Why they matter
A meeting packet should help directors prepare for the meeting. After reading the packet, a director should know what the meeting will be about and should have all the information necessary to fully participate in all discussions and to make any decisions that the board will make at the meeting. Establishing a rhythm and discipline in creating, distributing and reading meeting packets can help make the board meetings themselves that much more productive and enjoyable.
What goes in them
A meeting packet is a unit: one clearly defined collection of documents. Giving lots of scattered pieces of information over a longer period of time can make it very difficult for directors to know if they have everything they need, or to know if what they have is even pertinent to the meeting.
The packet generally should include: the agenda, the previous meeting’s minutes, written reports (like GM monitoring reports or committee reports), and any background or explanatory materials (educational articles, rationale for proposed decisions, etc.) that are relevant to specific agenda items. The agenda can help everyone prepare for and participate in the meeting if each item includes a reference to relevant documents in the packet. Some boards also like to have a table of contents that shows everything that is included in the packet.
Confidential materials for an executive session can be separated from the other items, but still distributed at the same time. Extraneous documents or information not related to the agenda can be distributed separately so that directors can focus attention on what’s necessary for their work at the meeting.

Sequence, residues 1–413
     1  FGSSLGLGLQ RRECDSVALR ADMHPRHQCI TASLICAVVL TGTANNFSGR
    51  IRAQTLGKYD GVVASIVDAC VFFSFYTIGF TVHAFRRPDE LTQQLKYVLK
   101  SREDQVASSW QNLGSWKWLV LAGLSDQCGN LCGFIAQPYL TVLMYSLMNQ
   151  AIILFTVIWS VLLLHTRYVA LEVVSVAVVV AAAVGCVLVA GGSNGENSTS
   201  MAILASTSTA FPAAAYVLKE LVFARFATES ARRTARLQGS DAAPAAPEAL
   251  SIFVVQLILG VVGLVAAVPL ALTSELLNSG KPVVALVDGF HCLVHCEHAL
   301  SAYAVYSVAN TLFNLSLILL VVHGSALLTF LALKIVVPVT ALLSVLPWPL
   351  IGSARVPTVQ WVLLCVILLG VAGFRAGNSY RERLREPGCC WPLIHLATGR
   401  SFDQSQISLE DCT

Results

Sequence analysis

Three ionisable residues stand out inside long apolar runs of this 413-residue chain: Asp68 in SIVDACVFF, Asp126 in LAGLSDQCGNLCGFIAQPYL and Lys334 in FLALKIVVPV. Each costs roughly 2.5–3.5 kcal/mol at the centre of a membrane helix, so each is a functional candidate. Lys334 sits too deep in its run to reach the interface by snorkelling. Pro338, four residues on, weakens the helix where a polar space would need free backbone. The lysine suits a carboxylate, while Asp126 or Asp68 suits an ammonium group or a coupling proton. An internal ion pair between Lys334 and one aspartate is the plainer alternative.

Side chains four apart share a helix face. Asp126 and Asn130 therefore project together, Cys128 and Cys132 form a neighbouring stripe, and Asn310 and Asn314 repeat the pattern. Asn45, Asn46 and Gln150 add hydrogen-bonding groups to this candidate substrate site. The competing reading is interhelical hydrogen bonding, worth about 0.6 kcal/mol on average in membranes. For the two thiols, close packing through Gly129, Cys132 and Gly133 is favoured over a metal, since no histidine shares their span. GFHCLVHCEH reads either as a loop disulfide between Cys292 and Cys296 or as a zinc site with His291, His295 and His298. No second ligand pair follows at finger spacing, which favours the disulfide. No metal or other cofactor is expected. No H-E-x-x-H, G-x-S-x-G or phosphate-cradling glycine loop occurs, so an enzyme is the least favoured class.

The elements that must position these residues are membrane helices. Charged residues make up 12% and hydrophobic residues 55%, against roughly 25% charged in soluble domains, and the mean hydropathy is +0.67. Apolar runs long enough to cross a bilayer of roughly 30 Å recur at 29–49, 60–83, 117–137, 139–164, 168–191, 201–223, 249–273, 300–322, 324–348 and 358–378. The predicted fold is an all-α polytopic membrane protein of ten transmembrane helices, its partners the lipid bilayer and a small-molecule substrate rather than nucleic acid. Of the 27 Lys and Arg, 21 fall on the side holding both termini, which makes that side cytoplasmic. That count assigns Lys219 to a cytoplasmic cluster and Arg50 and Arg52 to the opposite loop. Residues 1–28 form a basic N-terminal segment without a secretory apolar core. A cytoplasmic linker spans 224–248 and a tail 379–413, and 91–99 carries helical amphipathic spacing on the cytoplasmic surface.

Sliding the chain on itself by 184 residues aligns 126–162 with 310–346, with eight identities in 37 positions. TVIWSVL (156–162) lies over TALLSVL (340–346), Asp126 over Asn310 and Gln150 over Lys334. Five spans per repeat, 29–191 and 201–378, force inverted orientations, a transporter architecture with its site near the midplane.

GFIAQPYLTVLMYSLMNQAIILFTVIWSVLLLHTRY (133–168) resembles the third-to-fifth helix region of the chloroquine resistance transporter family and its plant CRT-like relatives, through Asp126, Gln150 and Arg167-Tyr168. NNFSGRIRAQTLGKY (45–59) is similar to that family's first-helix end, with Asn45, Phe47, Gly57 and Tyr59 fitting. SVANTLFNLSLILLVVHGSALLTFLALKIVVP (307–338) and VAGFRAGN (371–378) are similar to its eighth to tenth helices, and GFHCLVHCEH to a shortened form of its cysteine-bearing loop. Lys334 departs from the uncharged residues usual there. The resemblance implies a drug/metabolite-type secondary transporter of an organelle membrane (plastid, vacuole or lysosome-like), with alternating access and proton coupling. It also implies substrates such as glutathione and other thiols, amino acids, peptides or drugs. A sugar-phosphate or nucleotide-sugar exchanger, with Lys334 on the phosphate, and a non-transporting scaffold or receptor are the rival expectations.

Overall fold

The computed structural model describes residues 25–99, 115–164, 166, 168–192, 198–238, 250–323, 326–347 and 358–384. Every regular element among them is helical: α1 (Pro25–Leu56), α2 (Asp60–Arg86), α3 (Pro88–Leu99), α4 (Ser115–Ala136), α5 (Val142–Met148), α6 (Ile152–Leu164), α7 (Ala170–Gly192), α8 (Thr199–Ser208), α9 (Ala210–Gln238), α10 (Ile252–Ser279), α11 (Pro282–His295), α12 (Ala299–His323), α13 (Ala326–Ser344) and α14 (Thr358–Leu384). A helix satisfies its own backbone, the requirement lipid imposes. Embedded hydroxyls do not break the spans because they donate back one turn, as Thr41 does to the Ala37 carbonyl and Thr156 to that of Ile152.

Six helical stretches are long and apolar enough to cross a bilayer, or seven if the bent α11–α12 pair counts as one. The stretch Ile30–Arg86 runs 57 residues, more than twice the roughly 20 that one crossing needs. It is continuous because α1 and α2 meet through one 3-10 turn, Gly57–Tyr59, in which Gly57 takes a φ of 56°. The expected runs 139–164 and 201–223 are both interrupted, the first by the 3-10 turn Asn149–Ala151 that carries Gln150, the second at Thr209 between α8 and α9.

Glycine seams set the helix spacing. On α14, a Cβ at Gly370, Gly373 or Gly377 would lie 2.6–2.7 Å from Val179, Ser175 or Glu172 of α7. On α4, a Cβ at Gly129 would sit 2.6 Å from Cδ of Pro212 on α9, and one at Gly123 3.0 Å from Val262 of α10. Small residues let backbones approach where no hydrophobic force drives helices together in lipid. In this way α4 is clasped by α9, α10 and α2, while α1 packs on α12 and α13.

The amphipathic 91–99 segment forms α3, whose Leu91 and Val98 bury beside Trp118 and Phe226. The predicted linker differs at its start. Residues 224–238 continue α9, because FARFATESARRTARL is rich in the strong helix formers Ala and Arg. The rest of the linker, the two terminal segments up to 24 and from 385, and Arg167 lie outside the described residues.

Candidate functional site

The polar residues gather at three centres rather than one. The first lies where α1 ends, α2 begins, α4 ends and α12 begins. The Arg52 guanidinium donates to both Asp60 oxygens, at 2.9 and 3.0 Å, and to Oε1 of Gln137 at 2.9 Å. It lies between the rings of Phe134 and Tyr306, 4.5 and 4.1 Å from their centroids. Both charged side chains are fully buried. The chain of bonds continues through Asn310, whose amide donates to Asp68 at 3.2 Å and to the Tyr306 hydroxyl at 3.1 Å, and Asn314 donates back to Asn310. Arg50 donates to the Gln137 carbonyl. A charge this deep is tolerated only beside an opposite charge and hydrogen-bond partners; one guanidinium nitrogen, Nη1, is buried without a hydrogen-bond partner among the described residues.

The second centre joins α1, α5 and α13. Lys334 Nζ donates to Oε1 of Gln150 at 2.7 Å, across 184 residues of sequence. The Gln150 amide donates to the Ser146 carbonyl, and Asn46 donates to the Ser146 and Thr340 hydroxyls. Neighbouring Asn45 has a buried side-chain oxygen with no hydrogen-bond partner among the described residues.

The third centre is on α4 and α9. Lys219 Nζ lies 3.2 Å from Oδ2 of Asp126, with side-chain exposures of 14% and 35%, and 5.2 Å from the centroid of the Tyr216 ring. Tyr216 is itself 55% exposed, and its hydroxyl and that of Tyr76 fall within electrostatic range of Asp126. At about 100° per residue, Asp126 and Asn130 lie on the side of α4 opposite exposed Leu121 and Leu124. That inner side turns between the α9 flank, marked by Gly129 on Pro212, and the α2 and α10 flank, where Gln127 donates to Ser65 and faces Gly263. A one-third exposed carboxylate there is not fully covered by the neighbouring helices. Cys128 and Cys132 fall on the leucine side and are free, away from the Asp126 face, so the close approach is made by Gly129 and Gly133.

A “meeting packet” might be a collection of paper or electronic documents, or a single electronic or paper document that includes everything. The packet might be available for pickup at a central location, or distributed through email, or found in an online repository (like Dropbox, Google Drive, Basecamp, etc.). Whatever system you use, the key is that board members know they can find everything they need, all in one place and at a predictable time. Having the material well in advance of each meeting allows directors plenty of time to fit this homework into their busy lives. If directors only get a document just before (or worse, at) the meeting, they probably won’t have enough time to read and understand the material well enough to participate responsibly in the conversation and decision-making process. For most boards, 5-7 days in advance works well. It makes sense to delegate to one person the responsibility for compiling and distributing the packet. Typically, the General Manager (or a board administrator supervised by the GM) can be responsible for this task; for organizations with very limited staff resources, the board secretary could do this work.
High-functioning boards attend to two sorts of meeting preparation discipline. First, the board will have a stated expectation that all directors read the packet in advance. Directors on these boards hold each other accountable for coming to the meeting ready to participate in a fully-informed way. Second, the board will generally postpone agenda items if the relevant documents were not included in the packet.
If your board has not already established this sort of discipline, don’t despair. Just get started on building these expectations by letting folks know what’s coming, allowing for a few mis-steps at the beginning of the process, and then holding the line on discipline by requiring your directors and manager to be prepared for the meeting and by tabling agenda items for which the board is not adequately prepared.
If directors can regularly anticipate when and how they will receive the meeting packet, they can also plan for the time they will need to read the materials. And if the board can anticipate that everyone will be fully prepared, then the meetings can become crucibles for high-level thinking and decision-making.
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